I feel the KEF iQ3 bookshelf speakers are fantastic performers for the $500 asking price. I am positively amazed at how well these perform, even in my non-treated room. The level of refinement is shocking at this price level. While the fit and finish is reminiscent of speakers at and slightly above the price, what really counts is the sound.
I never believed that I could find a box speaker that had the midrange immediacy and purity that my maggies had, along with fantastic imaging. Well, I think I can have my cake and eat it.
The greatest strength about the iQ3 aside from driver integration is the midrange performance. The mids are rich, full, and warm sounding.The drivers sing as one thanks to the Uni-Q technology. The tweeter is at the center of the woofer cone, making for a point source design.. Imaging artifacts from external cabinetry between drivers (as well as simple distance between the drivers) is simply not there.
Driver integration is stellar as well. Due to the non-issues mentioned above, a well designed flare on the woofer, good quality crossover (have not been able to hear it), and quality jumpers on the back help to contribute to driver integration. The jumpers here are not wimpy stamped strips. KEF provides users with quality terminated jumpers, estimated to be about 10-12 gauge.
Highs are very smooth and extended. I normally do not like metal dome tweets, but these behave themselves very well. A trumpet has brilliant shimmer, and bite when called for. The clash and decay of cymbals is present in full form, but does not detract from the overall sonic picture.
Detail retrieval is also excellent as well. While listening to Chris Botti’s “When I Fall in Love”, the recording studio walls are easily heard as reverberations captured on the recording, seemingly appearing on the left and right side. Whether this was actually happening in the studio and recorded or if it was introduced after the fact is not something I know.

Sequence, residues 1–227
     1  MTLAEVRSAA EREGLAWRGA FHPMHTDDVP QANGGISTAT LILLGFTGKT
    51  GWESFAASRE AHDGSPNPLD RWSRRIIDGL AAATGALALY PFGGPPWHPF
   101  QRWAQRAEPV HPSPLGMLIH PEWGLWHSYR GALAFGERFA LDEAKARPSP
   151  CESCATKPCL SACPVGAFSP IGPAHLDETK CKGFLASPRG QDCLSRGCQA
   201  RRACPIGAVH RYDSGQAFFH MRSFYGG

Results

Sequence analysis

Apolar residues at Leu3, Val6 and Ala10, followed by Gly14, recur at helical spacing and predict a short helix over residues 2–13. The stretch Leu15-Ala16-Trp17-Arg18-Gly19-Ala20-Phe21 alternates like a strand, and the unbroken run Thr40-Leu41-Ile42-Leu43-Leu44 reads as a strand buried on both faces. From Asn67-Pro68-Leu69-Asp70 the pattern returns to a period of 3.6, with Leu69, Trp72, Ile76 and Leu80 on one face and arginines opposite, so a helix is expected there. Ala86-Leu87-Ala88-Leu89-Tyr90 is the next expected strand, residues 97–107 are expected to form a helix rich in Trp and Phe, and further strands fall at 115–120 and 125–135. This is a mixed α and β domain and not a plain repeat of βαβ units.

This leads me to the issue that this is one very well balanced speaker. Bass, treble, and midrange all blend into one. Nothing is out of proportion to my ear, and very smooth sounding. Midrange is also to the warm side, and I vastly prefer this. However, some people may find them too polite for rock music. This isn’t to say they can’t rock. It is just a smooth, warm rock versus a bombastic, in-your-face rock. If smooth and warm is your cup of tea, than enjoy.
Bass performance, while great, is what you would expect out of a bookshelf. It is still a little fat, but after playing them for 2 days straight they are smoothing out. In a medium sized room, they have enough bass to satisfy. Specs say 45Hz is the -3. Going by the type of music I have put in them, I would estimate my in room response to be in the 30’s.
I am powering them with my A-35r, a great combination in my opinion (provided you don’t crank it up too loud). The Pioneer has a warm sound, and to my ears is taking an edgy quality off the tweets. I demoed them at first on a Rotel 1052 receiver, and found them to be somewhat bright.
A potential downside is that these speakers are too good for the run of the mill AVR. These like some juice behind them. My A-35r will not drive them to high levels before clipping. While it is certainly good enough for me, it is something that a potential buyer needs to realize.
They do sound ever so slightly boxy, but the more I play them the less of this quality there is. I know it can take quite a while for these speakers to fully break in, so I do not see this as a problem. So far, they have had two days of usage.
Also, much of the warmth I have been hearing is without a doubt attributed to my Pioneer Elite A-35r integrated amp. When auditioning the iQ3 on Rotel pieces, I found the speakers to be somewhat on the bright side. While I don’t have the laser-like imaging of the Rotel, I prefer the warmer, more laid back sound of my A-35r.
All in all, I believe that if you are in the market for a pair of speakers in the $450-$550 range, they are without a doubt worth a look.